CAPTAIN CANOUSE READY TO LEAD
As the European season gets underway in August, Russell Canouse is prepared to make further strides in his progress at Hoffenheim.
Canouse, 18, officially signed with Hoffenheim in 2012 but has been with the club since he was 15. Last month he was named as captain of the club's U-19 for the upcoming season. While he served as captain at the end of last season with the U-17s, this was particularly an honor for him.
"It's always a great reaction to being named team captain, especially as a foreigner," Canouse told YA. "But I wasn't too surprised because I was Hoffenheim's U-17 captain after the first six months. It was still a great feeling. Being captain, you always have to be responsible and look out for your teammates. It's not just you anymore. You have to make team gel, on and off the field. It's a lot of responsibility but I think I'm mature enough to handle it."
In recent years, Hoffenheim has been a club that has welcomed young American players. In addition to Danny Williams and Fabian Johnson at the first team, young players like Joe Gyau, Zach Pfeffer, and Canouse have been in the organization.
During his years at Hoffenheim, Canouse has noticed that the perception of American players has been changing and it is no longer seen as unusual to see quality American prospects in Germany.
"It's definitely changing," Canouse explained. "When I first came to Hoffenheim, they were kind of surprised. It was kind of unusual to have an American. Now that we have a lot of players and U.S Soccer is growing. They expect good players from the U.S. They don't look at me any different."
This year will be a transitional year for Canouse. As he prepares to lead the U-19s early in the season, he is also aiming for a potential jump to Hoffenheim's U-23 team (also known as the reserve team).
In addition Canouse is adjusting to a positional switch. Last year he was playing in a 4-2-3-1 formation where he was one of the two holding midfielders. That formation allowed him to attack more since he had partner deep in the midfield to provide cover when Canouse moved into the attack.
Now, Hoffenheim's U-19 team will play with a straight 4-3-3 and Canouse will be the sole holding midfielder. He has more room to play in that area of the field but he also has to be more disciplined in his runs into the attack.
So far, he has adjusted well into the 4-3-3 and believes it will be his preferred formation. That success also saw him invited recently to train with Hoffenheim's first team. Hoffenheim narrowly escaped relegation last season but are expected to be a vastly improved team in the Bundesliga this year.
The opportunity to train with the first team was encouraging for Canouse both in that it was a reward for his play at the youth level and also it was a reinforcement that he is not out of place at the highest level.
"It was great experience to play with Bundesliga players," Canouse said. "For my development, it was important. The players are physically bigger than at my age group but I was able to compete. Speed of play is something you can always work on but I don't think I'm too far off."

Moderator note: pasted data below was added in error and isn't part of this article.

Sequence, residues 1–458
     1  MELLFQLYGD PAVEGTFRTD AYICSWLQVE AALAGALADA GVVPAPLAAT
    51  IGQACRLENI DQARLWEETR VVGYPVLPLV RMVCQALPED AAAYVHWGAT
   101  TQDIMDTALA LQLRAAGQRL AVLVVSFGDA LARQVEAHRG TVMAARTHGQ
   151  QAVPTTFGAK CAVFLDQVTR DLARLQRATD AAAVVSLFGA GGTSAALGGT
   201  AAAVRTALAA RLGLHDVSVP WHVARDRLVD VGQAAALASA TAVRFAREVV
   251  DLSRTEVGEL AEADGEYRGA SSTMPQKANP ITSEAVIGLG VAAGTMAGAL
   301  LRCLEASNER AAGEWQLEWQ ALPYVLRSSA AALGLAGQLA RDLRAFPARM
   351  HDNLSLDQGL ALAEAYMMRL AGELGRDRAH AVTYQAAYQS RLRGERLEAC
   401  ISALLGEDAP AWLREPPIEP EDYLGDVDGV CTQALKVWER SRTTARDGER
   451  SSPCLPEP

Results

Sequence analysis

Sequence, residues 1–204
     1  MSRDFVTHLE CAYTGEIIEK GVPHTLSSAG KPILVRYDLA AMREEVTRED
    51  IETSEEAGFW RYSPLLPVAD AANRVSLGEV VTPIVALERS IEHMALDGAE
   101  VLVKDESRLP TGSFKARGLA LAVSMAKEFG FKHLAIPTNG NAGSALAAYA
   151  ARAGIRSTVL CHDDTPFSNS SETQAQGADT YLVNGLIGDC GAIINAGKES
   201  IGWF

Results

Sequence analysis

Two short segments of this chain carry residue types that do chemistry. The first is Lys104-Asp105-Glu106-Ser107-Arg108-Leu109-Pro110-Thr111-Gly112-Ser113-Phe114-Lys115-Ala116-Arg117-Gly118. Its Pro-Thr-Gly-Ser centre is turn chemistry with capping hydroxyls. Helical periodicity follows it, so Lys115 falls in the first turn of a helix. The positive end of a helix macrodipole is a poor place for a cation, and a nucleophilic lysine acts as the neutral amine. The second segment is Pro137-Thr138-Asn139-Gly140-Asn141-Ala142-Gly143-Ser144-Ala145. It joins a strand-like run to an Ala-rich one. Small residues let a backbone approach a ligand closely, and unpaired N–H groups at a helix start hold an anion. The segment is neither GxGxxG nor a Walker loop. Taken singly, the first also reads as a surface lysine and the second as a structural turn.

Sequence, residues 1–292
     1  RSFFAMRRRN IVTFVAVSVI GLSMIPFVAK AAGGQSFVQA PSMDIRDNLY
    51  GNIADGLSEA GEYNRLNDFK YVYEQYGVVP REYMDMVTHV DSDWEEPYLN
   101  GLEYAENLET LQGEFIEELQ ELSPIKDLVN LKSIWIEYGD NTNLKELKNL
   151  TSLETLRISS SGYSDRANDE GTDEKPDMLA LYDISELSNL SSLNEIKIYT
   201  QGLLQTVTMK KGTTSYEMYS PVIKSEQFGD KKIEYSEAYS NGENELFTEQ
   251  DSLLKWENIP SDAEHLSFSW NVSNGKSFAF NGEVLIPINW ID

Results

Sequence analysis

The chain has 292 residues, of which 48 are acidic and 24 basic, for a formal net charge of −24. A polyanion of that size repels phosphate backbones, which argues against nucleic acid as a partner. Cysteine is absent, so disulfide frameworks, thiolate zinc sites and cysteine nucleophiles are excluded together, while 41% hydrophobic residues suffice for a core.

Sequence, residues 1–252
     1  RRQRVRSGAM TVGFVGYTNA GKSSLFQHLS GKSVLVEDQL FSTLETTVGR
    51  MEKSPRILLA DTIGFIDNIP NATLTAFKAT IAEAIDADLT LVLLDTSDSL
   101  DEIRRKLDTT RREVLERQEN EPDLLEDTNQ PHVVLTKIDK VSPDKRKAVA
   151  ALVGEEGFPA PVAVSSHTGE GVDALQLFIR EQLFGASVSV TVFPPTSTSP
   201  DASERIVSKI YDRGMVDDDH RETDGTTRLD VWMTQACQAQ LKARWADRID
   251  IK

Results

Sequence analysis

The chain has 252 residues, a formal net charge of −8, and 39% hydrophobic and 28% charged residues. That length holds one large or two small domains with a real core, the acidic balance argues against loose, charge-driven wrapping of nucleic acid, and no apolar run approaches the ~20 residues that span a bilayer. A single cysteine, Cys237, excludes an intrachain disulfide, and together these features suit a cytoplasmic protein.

On the international front, Canouse is expected to play a larger role as the US U-20 national team gets set to start a new cycle for the 2015 World Cup in New Zealand. Canouse has been a veteran of U.S youth soccer dating back to the U-14 level when he was invited into a camp with Zach Pfeffer, Zach Steffen, Trevor Haberkorn, Kellyn Acosta, Paul Arriola, and Jordan Allen. Together those seven players have gradually moved up through the US system together and are expected to move into the U-20s together.
The new U-20 cycle already appears to be among the most professional American teams of that age group at the start of that cycle. In addition to Canouse, Ben Spencer, Zach Pfeffer, Julian Green, Omar Thompson, and Romaine Gall are all with European teams. In North America, Kellyn Acosta, Paul Arriola, and Amando Moreno are also with professional teams.
The US U-20 team has struggled in recent years with the 2013 and 2009 teams failing to advance out of group play at the World Cup while the 2011 team failed to even qualify for the tournament. The opportunity to put the team back on the winning track after the previous shortcomings is motivation for Canouse.
"It definitely motivates me because it's a World Cup," Canouse said. " I know the last group didn't do as well as it wanted but what it shows you is that every international game is difficult."
For now, Canouse is motivated to represent the United States internationally and it is a goal that rises above everything else. The World Cup is still two years away but there is generally excitement from Canouse and the other players of his age group to begin the cycle.
"I'm just really excited to be moving up," Canouse said. "With the U-20's now you're competing for a World Cup. It's exciting for me but I know it's going to be difficult because it's two years from now and you don't know how others will develop. But it has always been an honor to play for my country. It is for most people but for me it's something special. We have a strong group. Playing a World Cup is a dream of mine. I couldn't imagine the feeling."